Cassandra’s Tears

Tears of joy, tears of pain, we are reflected in the salt-water pools we create. So let us build a fleet of paper boats and sail them on our ocean of indecision, laughing at the wind-whipped white-crested waves that would wash over us, drowning us in our own despair, yet somehow never vanquishing us in the end.

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Location: Lennoxville, Quebec, Canada

Thursday, May 03, 2007

Sometimes I worry…

There is a place I like to be on windy days, a rocky pinnacle on a spit of land that juts out into the ocean, a lonely place where only gulls and curlews visit, the rocks spattered with their droppings, feathers and bits of fish skeletons clinging to the clumps of bushes that withstand the buffeting of Atlantic storms.

It’s a two-hour hike just to get there, so I don’t wait for windy days, the maritime weather being so changeable that it’s rarely the way it started out when I reach my goal. It’s a hard climb, too, so I don’t often meet other hikers on the trail, only the seasoned backpackers who regularly seek out near-vertical scrambles up the glacially-striated rocks. The spit is off the main trail anyway, a time waster for anyone anxious to get to the next exit to civilization.

That’s one of the reasons I like it so much: I’m never bothered there. I can go with my lunch in a knapsack, a sketchbook, writing pad, and spend hours in blessed solitude, communing with nature. And what glorious nature it is! Even when the sea is calm, the surf still crashes against the jagged rocks, upjutting blades that millennia of waves have still not worn smooth.

On stormy days the water is wild, the wind whips up foam and froth, the spray is spread even as far as the remote pinnacle where I perch, protected only by rain gear and a sou’wester tied under my chin. The gulls cry and wheel and swoop and the place is so desolate and god forsaken, I feel as though I’m the only human being in the world and nature is unaware that I am observing its bad behaviour.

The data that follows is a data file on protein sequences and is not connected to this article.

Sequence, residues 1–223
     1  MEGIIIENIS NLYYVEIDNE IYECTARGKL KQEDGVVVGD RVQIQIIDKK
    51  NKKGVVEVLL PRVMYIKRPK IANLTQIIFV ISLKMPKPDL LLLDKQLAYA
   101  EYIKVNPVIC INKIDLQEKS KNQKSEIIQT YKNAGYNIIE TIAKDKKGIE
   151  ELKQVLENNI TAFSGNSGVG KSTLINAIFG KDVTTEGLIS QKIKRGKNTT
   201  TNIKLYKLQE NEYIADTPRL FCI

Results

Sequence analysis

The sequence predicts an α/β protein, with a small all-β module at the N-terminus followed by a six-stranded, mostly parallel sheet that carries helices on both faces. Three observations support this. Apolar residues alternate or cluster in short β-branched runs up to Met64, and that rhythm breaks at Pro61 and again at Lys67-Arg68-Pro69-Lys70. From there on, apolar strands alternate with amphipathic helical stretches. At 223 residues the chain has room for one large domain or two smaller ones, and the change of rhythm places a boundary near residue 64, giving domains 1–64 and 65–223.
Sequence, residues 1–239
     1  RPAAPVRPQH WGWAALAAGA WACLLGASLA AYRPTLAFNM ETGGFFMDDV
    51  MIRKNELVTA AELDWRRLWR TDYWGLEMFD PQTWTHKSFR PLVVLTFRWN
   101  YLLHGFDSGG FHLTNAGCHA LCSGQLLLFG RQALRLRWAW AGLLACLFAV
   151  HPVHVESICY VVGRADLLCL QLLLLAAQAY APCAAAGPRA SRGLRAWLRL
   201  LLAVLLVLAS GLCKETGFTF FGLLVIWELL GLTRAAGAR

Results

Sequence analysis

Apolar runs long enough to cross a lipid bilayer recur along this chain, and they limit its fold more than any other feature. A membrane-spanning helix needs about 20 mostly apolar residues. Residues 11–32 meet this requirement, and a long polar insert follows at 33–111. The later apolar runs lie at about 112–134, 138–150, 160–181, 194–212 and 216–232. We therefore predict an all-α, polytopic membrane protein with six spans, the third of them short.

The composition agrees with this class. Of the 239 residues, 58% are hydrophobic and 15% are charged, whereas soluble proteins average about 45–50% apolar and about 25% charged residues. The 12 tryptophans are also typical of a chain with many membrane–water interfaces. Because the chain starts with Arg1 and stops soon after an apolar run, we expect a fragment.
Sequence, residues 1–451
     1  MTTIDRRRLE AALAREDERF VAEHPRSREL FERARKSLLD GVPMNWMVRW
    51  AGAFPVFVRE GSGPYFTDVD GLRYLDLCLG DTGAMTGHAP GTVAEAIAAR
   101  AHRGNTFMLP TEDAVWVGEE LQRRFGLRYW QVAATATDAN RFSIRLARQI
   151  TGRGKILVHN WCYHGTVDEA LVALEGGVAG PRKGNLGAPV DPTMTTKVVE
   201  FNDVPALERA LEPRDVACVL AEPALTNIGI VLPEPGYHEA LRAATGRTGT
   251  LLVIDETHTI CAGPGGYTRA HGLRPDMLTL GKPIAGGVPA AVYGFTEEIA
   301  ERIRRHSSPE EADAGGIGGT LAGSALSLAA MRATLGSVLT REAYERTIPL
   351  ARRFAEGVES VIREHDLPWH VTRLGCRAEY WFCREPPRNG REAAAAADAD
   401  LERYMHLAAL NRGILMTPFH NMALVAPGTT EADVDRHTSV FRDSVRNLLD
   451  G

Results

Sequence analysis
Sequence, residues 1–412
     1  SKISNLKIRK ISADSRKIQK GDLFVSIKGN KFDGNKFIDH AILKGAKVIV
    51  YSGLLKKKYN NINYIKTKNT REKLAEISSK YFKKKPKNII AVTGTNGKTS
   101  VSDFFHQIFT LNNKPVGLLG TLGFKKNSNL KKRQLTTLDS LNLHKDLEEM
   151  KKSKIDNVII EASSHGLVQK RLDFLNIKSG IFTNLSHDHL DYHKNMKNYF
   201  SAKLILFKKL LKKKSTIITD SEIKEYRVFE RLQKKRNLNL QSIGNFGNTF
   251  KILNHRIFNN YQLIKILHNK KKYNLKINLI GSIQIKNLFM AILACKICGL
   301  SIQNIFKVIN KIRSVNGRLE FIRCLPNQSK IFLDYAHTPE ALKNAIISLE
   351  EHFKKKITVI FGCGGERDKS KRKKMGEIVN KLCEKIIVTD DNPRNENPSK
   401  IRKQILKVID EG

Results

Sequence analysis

When I am seated there on the rock, witness to the waves’ wanton wildness, I am free to draw, to write, or to think. The sketchbook is just an excuse if anyone asks why I go out there, and on occasion I actually do produce a drawing or two, but it’s really just a prop, a superfluous item without which my pack would probably be lighter. I spend most of my time there staring out to sea, watching the changing cloud formations, observing the gulls as they hunt for food to feed their nestlings. I like the way the water is never the same at any given moment, how it is constantly in motion. I never tire of watching the spray dash off the rocks below.

But sometimes I just think, totally unaware of my surroundings as they recede into the background and I get lost in the maze of my own mind. I think about anything: the events of the week, movies I’ve seen, books I’ve read. Sometimes I worry about decisions I’ve made and how they will affect the future. Sometimes I make up stories, tales of fancy that may or may not actually end up in that notebook I carry. Other times I paint large canvases in my mind that have nothing to do with the scene before me.

My favourite days are the ones where I return home from my trek tired, hungry, dirty, and with absolutely nothing material to show for it. It is my escape into a different world where time slows down or stops, where nothing I do can affect anyone else, where the call of the curlew and the whistling of wind are the only meaningful language.

The winter months when I cannot hike to my peninsula are painful for this reason, the summer that much sweeter therefor. If I could, I would turn my fur to feathers and become a gull, making my home by the ocean, nesting on the rocky crags, at one with the wind and the waves, letting my plaintive cry ride above the howling of the storm; and there, overlooking the ocean with my yellow eye, I wouldn’t worry any more.


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